by Frank Keim
Many years ago while a friend and I were watching Bank swallows fly in and out of their cavities near a Yukon River village, he told me to watch as he tried to catch one of the little birds when it flew out of its hole. I thought he was joking, but very quickly he proved otherwise as he cupped his hand around the entrance and waited for a swallow to fly out.
It took only the blink of an eye for him to do as he said, and quick as lightning he held one gently in his hands. Although I privately thought it was a danger to the bird’s safety and an invasion of its privacy, I complimented my friend for his prowess. I was half kidding, but had to admit he was pretty good at it.
Bank swallows may not be very fast leaving their holes, but they certainly are speedy as they zip through the air with their fluttery wingbeats and acrobatic twists and turns. I still see them every summer in their chattering colonies catching insects over the water near where their burrows have been excavated into the steep banks and bluffs of rivers I float in Interior Alaska.
These colonies can sometimes number up to 2000 individual cavity nests, with birds flying everywhere above the water while totally avoiding the forests lining the river on both sides. Look for handsome small brown swallows with a brown band across their chests and quick, fluttery wingbeats, then listen for their strident, double-call notes as they chase flying insects like bees, wasps, ants, butterflies and moths.
These swallows get back to the YK Delta from their South American winter homes in May. Individuals from both sexes immediately choose a colony, then the male selects a nest site in the colony area with firm soft soil on the side of a vertical cliff or bank near or above water where there is ample airspace for flying and catching insects. He then uses his small conical bill, feet and wings to dig a horizontal tunnel about two feet long into the side of the bank.
At the end of the tunnel he enlarges the space upward and to both sides to form the nest chamber. After he finishes the nest burrow, he then begins his ritual courtship and territorial circular flights around the nest site while singing his sweetest twittering song.
Often he darts about carrying and dropping a white feather to attract the interest of a circling female. If she is interested, she then hovers in front of the hole entrance to check out the quality of his work. Based on her appraisal, she chooses her mate and his nest site.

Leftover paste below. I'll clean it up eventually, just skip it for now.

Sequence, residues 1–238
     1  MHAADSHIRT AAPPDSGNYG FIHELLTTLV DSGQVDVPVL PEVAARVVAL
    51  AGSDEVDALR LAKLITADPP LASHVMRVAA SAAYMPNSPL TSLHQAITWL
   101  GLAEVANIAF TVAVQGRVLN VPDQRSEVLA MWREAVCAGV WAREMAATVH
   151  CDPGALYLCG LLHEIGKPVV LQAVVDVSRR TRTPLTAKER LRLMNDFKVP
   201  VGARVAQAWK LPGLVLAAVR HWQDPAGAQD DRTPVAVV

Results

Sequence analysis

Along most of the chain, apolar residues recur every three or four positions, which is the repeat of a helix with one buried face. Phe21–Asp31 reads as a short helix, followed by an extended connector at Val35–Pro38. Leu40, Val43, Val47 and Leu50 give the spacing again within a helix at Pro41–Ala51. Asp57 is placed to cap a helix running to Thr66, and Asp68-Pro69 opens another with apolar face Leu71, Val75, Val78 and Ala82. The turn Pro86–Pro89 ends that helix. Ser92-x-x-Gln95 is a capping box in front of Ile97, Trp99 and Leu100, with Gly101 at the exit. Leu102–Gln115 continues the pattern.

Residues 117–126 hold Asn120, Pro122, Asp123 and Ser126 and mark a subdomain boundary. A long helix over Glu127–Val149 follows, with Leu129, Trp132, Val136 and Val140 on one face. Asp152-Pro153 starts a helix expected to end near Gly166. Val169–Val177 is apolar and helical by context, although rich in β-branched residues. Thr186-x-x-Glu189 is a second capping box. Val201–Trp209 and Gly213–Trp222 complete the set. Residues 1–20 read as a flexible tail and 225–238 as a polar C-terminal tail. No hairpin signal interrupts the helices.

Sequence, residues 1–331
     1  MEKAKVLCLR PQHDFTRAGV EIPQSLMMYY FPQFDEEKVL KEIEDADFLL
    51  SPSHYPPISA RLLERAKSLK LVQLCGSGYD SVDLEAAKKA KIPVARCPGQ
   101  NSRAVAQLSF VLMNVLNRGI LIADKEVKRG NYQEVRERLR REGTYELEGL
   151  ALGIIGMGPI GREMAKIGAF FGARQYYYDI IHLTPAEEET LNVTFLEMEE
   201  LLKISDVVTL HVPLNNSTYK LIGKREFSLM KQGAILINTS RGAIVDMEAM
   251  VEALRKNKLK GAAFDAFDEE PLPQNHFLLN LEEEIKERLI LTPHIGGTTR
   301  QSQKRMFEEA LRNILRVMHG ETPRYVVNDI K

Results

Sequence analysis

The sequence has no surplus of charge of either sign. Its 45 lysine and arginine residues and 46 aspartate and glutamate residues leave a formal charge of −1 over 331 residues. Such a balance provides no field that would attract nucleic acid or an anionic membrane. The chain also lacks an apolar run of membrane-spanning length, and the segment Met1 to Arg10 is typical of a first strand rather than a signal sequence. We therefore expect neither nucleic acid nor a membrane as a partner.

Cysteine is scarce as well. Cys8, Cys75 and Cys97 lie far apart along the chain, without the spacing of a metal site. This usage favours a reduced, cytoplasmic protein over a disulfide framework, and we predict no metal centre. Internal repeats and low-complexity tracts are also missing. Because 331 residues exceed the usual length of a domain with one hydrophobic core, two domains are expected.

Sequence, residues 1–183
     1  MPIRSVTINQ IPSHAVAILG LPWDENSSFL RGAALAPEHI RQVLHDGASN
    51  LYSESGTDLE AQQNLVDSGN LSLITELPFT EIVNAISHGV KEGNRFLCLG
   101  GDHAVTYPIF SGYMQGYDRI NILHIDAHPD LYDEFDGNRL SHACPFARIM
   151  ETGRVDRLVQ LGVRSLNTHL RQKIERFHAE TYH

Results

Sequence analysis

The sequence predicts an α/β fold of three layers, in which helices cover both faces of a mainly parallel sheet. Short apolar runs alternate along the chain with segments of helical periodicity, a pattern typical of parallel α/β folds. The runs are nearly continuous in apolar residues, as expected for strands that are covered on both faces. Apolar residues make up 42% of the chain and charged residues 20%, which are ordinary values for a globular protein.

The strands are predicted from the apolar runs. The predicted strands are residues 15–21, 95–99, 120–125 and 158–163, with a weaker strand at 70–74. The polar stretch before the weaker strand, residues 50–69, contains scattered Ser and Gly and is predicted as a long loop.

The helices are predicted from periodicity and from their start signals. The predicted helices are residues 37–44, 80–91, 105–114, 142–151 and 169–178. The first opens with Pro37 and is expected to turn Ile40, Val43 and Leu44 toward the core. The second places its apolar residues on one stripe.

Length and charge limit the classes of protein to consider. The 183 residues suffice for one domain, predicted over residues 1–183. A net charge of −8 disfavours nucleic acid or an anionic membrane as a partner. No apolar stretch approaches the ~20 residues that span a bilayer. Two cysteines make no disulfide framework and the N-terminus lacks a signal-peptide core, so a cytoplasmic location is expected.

She then sets to work building her nest, a flat mat of woven grasses, leaves and small willow roots found inside the burrow while excavating the nest. The nest is almost always located above and below the reach of ground predators.
This is where the various Yup’ik names for Bank swallows come in. Three I found are: Ekvigtaar(aq), meaning “one that nests in a cliff hole;” Kauturyar(aq), which loosely translates as “one that makes its nest inside a dark hole;” and Aguumar(aq), meaning “one that weaves its nest like a basket from small willow roots.”
If the male is successful attracting a mate he will defend the burrow and its immediate surroundings from other males, but if he is unsuccessful he will abandon the burrow. Bank swallow pairs remain together for the breeding season, but both members of the pair often breed with other individuals in the colony as well.
Three to five white eggs are laid in the willow root nest, and incubated by the female for about two weeks. After hatching, the naked pink hatchlings grow feathers quickly, and by the end of three weeks have fledged and left home to become expert aerial predators just like their parents. Also like their parents, they are extremely social birds, flying either in the company of other Bank swallows or among other species of swallows. This is for good reason, because often quite near and not far above them there might be a Peregrine falcon aerie with some very hungry chicks.
In the event of an extreme period of cold weather they will also huddle with other swallows to stay warm. Their sociability applies during migration, too, and they will travel with many different species of swallows to warmer climes.
In addition to its common name, Bank swallow, which is descriptive of where it nests, it has three other common names: Sand swallow, Sand martin, and Bank martin. Its scientific name, Riparia riparia, has a similar meaning, “frequenting riverbanks.”
Bank swallows are one of the most widely distributed birds in the world, found everywhere except on the continents of Australia and Antarctica. Sadly, their North American numbers have crashed by almost 90 percent since 1970.
Human habitat loss is one factor responsible for the crash, but more important is the extreme loss of insects all over the country due to the use of neonicotinoids and other insecticides. Only after the United States follows the lead of the European Union and Canada in banning their use will swallow numbers hopefully begin to rebound.